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When Evil Lurks

Inner city London has been represented in countless ways over the years, but one thing that always remains a constant in every variation is the depiction of its community. Daniel Kaluuya and Kibwe Tavare’s directional debut The Kitchen, which is fresh to Netflix, represents London and its people once again, but this time, in a dystopian future that still harbours many of the same issues being battled in the present day. Affordable housing, the ever-widening gap between rich and poor, and the general poverty that afflicts communities are magnified ten-fold in The Kitchen, but it's a blossoming partnership between two characters that tries to take centre stage in this urban science fiction drama.


‘The Kitchen’ is a social housing project that houses the poorest of the poor, one that has changed over time and is the last authentically homely area around. The political powers at the top frequently target this community with police raids and aim to destroy it as soon as possible. Izi (Kane Robinson) is one of the many tenants living in ‘The Kitchen’ but dreams of living in one of the more affluent high rises on the outskirts of this dilapidated one. Izi works for a funeral home that allows those who cannot afford to bury their loved ones the old-fashioned way, a chance to turn them into trees that can be planted – they might just be on to something with that concept though.

The Kitchen

Izi – the self-confessed loner – has his simplistic life interrupted when he recognizes a name on the funeral register at work, which forces the newly orphaned Benji (Jedaiah Bannerman) into his life of solitude. Benji, without a parental figure to now guide him, clings to Izi as his big hope, while also fluttering with a local gang of older youths led by Staples (Hope Ikpoku Jr) who act as resistant fighters of sorts. Now feeling responsible for caring for the son of a woman he once knew, Izi begins to bond with young Benji and teaches him about the way the world works. Izi is so close to achieving his dream of a better life, but still facing the ever-present brutality of the police on his doorstep, will Izi make it out of ‘The Kitchen’ with his newfound friend?


The Kitchen is far from being the finished product, but for a directional debut, it’s a very sturdy first entry for the directing duo. Kaluuya has used his knowledge of the streets and his own upbringing to merge it with his experience of fluttering with Hollywood pictures. Working with some great directors himself, especially in the science fiction genre has clearly rubbed off on him as he and his partner create this impressive illustration of a futuristic London. The depiction of ‘The Kitchen’ is impressive and its presence is vast. Similar in appearance and feel to the community enclaves in Pierre Morel’s District 13, while the youth-led communities that exist through their own set of rules take inspiration from Walter Hill’s The Warriors. It’s this combination of dystopian concepts that lends itself to The Kitchen really effectively. Speaking of the latter as well though, the DJ, 'Lord Kitchener' (played by the effervescent Ian Wright) is another great homage to Hill’s classic film.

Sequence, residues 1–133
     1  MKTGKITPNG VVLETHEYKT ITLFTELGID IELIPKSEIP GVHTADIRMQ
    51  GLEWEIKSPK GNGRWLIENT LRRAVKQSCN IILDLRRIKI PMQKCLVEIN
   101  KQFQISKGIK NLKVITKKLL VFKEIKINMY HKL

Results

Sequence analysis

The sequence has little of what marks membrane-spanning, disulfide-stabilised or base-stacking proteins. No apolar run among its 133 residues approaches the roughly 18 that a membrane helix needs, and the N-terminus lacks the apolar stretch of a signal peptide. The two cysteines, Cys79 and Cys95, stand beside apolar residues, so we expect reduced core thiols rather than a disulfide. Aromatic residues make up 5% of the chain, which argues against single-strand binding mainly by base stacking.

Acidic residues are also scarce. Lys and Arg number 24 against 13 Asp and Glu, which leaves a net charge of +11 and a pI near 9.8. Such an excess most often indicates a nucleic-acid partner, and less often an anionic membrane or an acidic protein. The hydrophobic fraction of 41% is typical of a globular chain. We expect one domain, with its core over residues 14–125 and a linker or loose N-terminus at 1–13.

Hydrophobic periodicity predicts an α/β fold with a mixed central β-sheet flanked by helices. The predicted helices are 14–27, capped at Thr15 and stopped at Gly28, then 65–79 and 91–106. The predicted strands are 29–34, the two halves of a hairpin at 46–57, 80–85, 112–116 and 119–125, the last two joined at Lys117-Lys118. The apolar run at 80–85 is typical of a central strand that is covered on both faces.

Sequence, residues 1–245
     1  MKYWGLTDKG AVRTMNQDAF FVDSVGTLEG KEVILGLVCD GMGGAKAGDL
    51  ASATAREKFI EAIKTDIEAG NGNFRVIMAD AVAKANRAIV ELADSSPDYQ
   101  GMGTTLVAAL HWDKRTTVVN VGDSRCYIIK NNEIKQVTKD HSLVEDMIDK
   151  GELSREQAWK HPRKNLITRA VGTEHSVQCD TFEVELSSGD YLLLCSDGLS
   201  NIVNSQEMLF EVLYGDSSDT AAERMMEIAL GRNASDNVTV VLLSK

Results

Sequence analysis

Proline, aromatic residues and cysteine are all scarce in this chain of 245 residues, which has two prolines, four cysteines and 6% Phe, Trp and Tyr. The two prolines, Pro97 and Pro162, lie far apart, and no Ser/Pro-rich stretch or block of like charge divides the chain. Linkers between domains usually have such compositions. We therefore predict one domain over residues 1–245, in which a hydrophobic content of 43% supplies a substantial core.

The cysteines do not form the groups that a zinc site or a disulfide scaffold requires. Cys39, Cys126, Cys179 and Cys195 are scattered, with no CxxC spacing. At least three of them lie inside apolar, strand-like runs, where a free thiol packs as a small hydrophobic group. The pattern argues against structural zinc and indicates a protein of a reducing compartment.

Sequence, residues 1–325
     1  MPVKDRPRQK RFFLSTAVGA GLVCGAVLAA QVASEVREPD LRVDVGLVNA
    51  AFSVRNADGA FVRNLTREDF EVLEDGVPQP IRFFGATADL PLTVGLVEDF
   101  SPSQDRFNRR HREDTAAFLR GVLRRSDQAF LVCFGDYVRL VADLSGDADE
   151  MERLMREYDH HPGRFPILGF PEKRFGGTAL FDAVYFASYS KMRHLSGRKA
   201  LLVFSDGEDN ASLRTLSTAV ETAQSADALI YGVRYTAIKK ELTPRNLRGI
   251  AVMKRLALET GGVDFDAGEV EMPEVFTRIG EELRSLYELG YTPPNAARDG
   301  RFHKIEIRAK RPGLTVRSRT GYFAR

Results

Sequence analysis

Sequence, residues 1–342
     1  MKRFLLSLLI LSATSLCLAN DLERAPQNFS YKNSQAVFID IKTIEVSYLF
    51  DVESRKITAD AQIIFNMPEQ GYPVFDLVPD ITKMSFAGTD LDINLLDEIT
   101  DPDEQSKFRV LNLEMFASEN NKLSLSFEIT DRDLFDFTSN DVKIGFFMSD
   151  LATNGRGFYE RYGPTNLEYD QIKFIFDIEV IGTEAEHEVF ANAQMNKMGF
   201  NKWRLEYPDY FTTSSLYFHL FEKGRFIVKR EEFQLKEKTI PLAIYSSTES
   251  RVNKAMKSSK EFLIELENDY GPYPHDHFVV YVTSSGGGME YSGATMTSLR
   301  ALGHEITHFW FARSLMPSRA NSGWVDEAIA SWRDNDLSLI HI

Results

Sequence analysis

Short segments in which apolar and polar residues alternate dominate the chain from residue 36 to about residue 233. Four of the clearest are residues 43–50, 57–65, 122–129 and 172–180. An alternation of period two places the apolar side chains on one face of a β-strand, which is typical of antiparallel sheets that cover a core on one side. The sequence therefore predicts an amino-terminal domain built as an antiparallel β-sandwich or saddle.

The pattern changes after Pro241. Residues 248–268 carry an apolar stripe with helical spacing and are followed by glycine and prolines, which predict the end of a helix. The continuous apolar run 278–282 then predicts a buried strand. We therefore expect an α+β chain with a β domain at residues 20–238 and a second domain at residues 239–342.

The story is a little flat at times, as well as being guilty of feeling repetitive and glaringly obvious. The film’s mysterious secret, which unveils itself in the final act, is one that you can see from a mile off. Izi and Benji’s relationship also feels slightly rushed, with the initial hostility soon being forgotten about and leading into something a little forced that lacks a creative punchline.

The Kitchen

What The Kitchen does have are some stellar performances that help it in those trying times. Kane Robinson (known for his electrifying stint in the acclaimed Top Boy) is once again playing another version of himself it seems, but he does so with a coarse ruggedness that automatically creates charisma, and when you add a touch of emotion to the writing of his character, that’s when he lets fly properly. Newcomer Jedaiah Bannerman is a great foil – and also adds a humorous tone to proceedings – for Robinson’s edgier approach. Top Boy cast member Hope Ikpoku Jr also delivers a really mature performance, cementing him as a talent to keep an eye on in the future.

What Kaluuya and Tavare created at the first attempt might lack cohesiveness at times, but the world they sculpted was highly impressive. London looks great in this future version of itself, it’s just a shame that it was underutilized and pushed into the background in favour of an uninspiring relationship between its two primary characters. The vision is there, and the imagination to create such a bleak and unrelenting future is imposing – the inspiration they took from present-day surroundings is clear to see as well – but the writing and the fleshing out of the characters is what the film lacks the most. There’s plenty to learn from though, and I’m sure the duo will head back to the writing board for a second cinematic outing in the not-too-distant future.


Rating When Evil Lurks



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